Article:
- South Africa's ambassador to Denmark Zindiswa Mandela passed away at the age of 59 on Monday morning.
- She was the youngest daughter of former president Nelson Mandela and Winnie Madikizela-Mandela.
- She would be remembered for, among others, her 1985 address when she read a letter on behalf of her father, rejecting PW Botha's conditional offer of release.
South Africa's ambassador to Denmark, Zindiswa "Zindzi" Mandela, the youngest daughter of the late president Nelson Mandela and Winnie Madikizela-Mandela, died at a Johannesburg hospital on Monday morning. She was 59.
Mandela's death comes exactly 51 years after Nelson's eldest son, Madiba Thembekile, died in a car accident.
Mandela will be remembered for her rousing address at a gathering in Soweto in 1985 where she read out her father's rejection letter of then president PW Botha's offer of release on the condition that he renounces violence.
She was also a prominent figure in South Africa's post-apartheid democracy where she served as stand-in First Lady of South Africa from 1996 to 1998 until her father remarried, and later served as an ambassador for the country.
Minister of International and Cooperation Naledi Pandor said: "Zindzi will not only be remembered as a daughter of our struggle heroes, Tata Nelson and Mama Winnie Mandela, but as a struggle heroine in her own right. She served South Africa well."
On 10 February 1985, a 24-year-old Mandela took the stage at a mass gathering in Soweto where she read a letter from her father whose words at that time had not been allowed to be legally broadcast for over 20 years.
"The prison authorities attempted to stop this statement being made, but he would have none of this and made it clear that he would make a statement to you the people," Mandela said as she started her address to a cheering crowd.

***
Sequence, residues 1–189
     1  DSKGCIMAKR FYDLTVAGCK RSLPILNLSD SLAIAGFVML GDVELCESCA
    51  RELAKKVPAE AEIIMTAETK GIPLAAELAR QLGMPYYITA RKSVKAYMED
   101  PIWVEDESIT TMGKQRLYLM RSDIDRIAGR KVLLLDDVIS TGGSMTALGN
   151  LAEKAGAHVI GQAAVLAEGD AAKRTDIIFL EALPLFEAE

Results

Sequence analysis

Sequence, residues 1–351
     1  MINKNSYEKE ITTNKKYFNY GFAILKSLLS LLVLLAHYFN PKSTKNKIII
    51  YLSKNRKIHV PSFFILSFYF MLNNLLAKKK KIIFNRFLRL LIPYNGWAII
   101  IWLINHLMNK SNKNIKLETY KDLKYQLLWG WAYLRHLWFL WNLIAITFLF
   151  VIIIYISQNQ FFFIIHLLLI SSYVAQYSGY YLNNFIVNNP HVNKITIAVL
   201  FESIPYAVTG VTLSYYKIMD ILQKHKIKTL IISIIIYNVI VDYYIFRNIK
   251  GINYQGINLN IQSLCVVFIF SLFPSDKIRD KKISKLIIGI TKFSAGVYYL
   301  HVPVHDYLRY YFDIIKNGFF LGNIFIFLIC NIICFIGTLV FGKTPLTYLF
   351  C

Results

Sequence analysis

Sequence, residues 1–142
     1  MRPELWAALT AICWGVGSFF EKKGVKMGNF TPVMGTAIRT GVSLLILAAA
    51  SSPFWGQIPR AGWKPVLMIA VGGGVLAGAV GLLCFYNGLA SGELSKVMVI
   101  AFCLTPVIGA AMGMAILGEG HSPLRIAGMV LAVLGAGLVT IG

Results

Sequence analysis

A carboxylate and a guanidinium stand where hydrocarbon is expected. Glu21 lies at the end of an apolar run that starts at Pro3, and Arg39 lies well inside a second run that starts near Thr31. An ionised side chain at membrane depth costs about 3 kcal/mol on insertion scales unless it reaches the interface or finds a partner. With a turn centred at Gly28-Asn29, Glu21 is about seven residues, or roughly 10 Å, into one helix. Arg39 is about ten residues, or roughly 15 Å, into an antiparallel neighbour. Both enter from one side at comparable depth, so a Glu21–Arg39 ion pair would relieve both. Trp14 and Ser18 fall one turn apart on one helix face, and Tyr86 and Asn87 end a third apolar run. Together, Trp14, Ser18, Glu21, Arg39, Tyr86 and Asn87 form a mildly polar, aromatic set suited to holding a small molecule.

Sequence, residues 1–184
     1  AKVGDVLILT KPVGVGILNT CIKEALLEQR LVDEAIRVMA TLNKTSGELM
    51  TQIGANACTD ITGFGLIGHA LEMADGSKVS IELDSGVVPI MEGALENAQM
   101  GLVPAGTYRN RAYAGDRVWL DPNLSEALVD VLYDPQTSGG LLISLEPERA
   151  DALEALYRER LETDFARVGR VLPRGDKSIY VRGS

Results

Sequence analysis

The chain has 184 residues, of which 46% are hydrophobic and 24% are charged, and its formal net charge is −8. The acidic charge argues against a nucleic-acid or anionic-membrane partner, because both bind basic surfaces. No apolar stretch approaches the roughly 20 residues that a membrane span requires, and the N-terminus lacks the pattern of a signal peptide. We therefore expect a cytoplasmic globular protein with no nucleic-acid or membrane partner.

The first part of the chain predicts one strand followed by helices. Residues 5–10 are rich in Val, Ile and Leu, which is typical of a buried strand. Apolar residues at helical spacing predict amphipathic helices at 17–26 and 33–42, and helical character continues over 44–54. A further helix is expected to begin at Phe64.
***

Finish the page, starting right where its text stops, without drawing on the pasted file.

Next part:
"Strangers like Betham from England, and professor Dash from the United States have in recent weeks been authorised by Pretoria to see my father without restriction, yet Pretoria cannot allow you the people to hear what he has to say directly."
"He should be here himself to tell you what he thinks of this statement by Botha. He is not allowed to do so. My mother who also heard his words is also not allowed to speak to you today."
In his letter, Nelson thanked the United Democratic Front (UDF) for their battle against apartheid, congratulated Archbishop Desmond Tutu on his Nobel Peace Prize, adding that the prize belonged to all the people, and his rejection of Botha's release offering.
"I am surprised by the conditions that the government wants to impose on me. I am not a violent man. It was only when all forms of resistance were no longer open to us that we turned to the armed struggle," Nelson's letter read.
"What freedom am I being offered while the organisation of the people remained banned? What freedom am I being offered when I may be arrested on a pass offence?"
Mandela was born on 23 December 1960, the same year the African National Congress launched its military wing Umkhonto we Sizwe to topple the apartheid regime.
In his autobiography Long Walk to Freedom, Nelson wrote that Zindzi was named after the daughter of the Xhosa poet Samuel Mqhayi he admired who, when he first saw his daughter, said "u Zindile" which means "You are well established". Zindiswa is the female version of what Mqhayi said.
Shortly after her birth, Nelson went into hiding under the name of David at Liliesleaf farm in Rivonia, Johannesburg, and Winne would bring her and her sister Zenzani to visit him, but these visits became fewer as the apartheid police became more vigilant.
By the time she was 18 months old, her father was sent to prison and he would only be released again in 1990 - 27 years later.